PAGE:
The Powers That Be within the Republican Party are up in arms by the popularity of Rep. Ron Paul, who doesn't exactly exemplify mainstream Republicanism. Republican Publicity Department Fox News Channel must have heard some loud outcries from their disinformed teabaggin' audience about their choice to show the 2010 CPAC crowd booing Ron Paul in discussing his 2011 CPAC straw poll win, possibly because the booing was louder than the 2011 footage. They couldn't be trying to discredit him, could they? So they trotted out B-grade talent Bill Hemmer to apologize:
The situation stemmed from Fox News playing a clip of Paul’s 2010 victory in the CPAC straw poll and incorrectly identifying it as his 2011 victory. While Fox News told Mediaite that it was a mistake, the Paul supporters believed it was done because the 2010 video had more audible booing. Today,[..]Fox News’ Bill Hemmer, who interviewed Paul in the original segment in question, said delivered this statement on air:
“It was clearly a mistake. We used the wrong videotape. There are similarities in the shot between last year’s event and this year. [..]
Ron Paul won both years. However, there were audible boos in 2010 while you heard a lot more cheering this year. It’s an honest mistake. We apologize for the error and we look forward to having Representative Paul back on our show very soon.”
But in fairness to Fox News, they're not the only conservatives having a hard time swallowing the popularity of Ron Paul. Sen. John Thune (R-SD) is convinced that the CPAC straw poll was rigged:
Count this as another sign that John Thune might be in favor of running, after all -- a lengthy defense of his showing in last weekend's straw poll.
Thune told the Argus Leader on Tuesday that he's not dismayed by the findings, which he thinks were "engineered" by supporters of certain candidates.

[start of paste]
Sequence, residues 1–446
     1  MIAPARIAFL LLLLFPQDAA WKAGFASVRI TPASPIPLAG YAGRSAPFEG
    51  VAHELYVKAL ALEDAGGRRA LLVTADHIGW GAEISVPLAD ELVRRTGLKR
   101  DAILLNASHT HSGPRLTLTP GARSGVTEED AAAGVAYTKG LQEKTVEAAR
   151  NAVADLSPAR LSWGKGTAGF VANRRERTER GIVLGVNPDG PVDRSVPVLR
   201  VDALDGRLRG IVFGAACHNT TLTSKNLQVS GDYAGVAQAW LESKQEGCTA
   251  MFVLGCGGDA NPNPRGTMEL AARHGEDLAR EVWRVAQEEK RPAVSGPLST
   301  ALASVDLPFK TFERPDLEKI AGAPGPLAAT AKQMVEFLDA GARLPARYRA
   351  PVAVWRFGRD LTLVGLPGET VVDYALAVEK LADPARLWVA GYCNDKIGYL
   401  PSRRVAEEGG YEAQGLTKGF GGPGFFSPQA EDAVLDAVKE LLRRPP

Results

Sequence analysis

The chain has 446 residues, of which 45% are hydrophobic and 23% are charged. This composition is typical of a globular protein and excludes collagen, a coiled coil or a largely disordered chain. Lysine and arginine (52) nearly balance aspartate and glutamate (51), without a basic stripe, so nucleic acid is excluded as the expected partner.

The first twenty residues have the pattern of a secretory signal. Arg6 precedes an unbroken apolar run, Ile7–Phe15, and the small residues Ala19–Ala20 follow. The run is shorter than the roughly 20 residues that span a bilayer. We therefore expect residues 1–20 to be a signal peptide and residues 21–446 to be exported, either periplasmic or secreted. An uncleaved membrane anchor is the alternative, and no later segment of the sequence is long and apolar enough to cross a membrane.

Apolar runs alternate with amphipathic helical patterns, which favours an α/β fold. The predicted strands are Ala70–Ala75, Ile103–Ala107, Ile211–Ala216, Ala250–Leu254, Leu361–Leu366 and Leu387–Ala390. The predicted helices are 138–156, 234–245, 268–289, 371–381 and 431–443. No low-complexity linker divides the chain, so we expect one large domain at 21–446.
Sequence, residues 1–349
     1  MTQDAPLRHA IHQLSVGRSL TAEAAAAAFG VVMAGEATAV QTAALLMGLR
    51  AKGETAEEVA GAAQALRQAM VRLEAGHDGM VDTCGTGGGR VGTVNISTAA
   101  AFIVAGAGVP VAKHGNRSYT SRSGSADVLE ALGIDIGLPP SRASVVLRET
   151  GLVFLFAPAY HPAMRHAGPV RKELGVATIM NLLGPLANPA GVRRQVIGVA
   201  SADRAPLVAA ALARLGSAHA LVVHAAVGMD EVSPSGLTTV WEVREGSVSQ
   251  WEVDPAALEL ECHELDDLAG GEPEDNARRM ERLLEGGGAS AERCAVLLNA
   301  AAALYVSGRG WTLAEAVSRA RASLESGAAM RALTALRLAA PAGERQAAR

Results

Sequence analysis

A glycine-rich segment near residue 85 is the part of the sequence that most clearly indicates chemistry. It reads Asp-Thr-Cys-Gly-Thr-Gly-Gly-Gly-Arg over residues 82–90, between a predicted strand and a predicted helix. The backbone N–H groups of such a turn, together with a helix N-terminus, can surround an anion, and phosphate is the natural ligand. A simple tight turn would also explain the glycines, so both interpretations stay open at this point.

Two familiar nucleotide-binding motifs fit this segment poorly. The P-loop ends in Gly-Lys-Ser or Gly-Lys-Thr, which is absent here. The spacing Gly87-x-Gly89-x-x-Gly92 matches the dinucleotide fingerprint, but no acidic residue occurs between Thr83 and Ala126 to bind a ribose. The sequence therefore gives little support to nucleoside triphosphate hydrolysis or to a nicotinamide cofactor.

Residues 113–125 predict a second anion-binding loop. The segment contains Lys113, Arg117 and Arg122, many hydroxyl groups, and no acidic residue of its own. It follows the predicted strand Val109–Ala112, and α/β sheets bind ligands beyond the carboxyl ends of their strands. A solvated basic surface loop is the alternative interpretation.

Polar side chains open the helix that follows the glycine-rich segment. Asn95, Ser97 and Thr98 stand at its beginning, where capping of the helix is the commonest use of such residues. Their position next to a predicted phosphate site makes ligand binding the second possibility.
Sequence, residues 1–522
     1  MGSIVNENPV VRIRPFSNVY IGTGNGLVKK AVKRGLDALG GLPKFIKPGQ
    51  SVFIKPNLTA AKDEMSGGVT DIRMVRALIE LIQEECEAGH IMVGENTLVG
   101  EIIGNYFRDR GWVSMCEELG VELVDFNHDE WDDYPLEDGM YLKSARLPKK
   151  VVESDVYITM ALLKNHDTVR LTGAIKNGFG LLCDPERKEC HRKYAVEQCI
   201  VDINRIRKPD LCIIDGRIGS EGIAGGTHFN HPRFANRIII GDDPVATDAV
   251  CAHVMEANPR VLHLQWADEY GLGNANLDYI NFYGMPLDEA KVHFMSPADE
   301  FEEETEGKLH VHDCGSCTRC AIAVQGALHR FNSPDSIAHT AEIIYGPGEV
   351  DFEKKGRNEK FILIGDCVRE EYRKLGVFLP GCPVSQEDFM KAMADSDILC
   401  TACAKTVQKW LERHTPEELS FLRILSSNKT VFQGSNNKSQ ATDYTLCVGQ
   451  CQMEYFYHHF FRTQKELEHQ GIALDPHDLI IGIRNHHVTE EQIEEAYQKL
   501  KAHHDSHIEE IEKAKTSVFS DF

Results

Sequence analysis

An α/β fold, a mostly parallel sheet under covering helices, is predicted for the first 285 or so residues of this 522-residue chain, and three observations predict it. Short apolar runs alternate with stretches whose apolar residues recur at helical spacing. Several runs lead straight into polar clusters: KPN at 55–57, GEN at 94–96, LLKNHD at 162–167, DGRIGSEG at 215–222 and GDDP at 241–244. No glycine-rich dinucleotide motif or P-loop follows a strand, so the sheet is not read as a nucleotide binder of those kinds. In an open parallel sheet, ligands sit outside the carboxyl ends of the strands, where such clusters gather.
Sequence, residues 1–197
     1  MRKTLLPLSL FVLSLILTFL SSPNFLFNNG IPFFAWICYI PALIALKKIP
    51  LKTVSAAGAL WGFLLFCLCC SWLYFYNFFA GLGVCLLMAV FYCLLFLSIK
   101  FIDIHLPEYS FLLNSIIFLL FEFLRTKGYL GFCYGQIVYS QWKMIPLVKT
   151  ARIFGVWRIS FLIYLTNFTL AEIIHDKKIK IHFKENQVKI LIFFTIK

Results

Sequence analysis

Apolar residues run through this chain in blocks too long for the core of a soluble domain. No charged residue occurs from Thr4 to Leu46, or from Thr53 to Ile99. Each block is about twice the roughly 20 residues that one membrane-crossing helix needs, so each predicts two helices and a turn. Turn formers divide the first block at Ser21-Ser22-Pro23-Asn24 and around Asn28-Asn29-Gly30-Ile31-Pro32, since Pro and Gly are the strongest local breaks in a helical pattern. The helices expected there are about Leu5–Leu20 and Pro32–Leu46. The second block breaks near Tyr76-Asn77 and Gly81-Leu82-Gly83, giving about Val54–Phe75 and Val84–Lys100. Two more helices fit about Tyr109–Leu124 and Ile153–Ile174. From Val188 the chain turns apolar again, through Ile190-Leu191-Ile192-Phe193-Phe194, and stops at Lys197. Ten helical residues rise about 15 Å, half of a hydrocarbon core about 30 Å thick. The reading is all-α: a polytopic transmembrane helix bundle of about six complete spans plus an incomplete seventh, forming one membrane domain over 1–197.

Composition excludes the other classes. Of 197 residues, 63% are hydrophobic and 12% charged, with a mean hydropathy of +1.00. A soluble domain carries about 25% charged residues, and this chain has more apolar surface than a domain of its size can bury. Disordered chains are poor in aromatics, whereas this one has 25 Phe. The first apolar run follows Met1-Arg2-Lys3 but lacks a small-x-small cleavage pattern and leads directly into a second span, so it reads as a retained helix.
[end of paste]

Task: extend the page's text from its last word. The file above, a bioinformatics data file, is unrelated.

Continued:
Scores of Paul supporters, for example, could be seen packing the conference, and few political experts give the libertarian-leaning congressman much a chance of winning the GOP nomination.
"I think that poll is receiving less and less credibility and legitimacy because it's engineered by people who ship folks in for that," Thune said.
Also, Thune pointed out that ballots had to be submitted by Friday afternoon, about the time the senator was on the CPAC stage giving a speech, so many of them probably were cast before people had a chance to hear him.
"The more important issue is the overall reception you get in response to your message," Thune said of his CPAC appearance.
Former Alaska Gov. "Sarah Palin got 3 (percent), so I don't think that is a very good metric to go by.
You read that right. If Half-Governor Word Salad can't get more than than 3% from CPAC, then you know it's not a real poll. Thune appears to be dipping his toe in the Republican Presidential waters as well, so his comments may simply be sour grapes over not enthralling the CPAC crowd as much as Paul.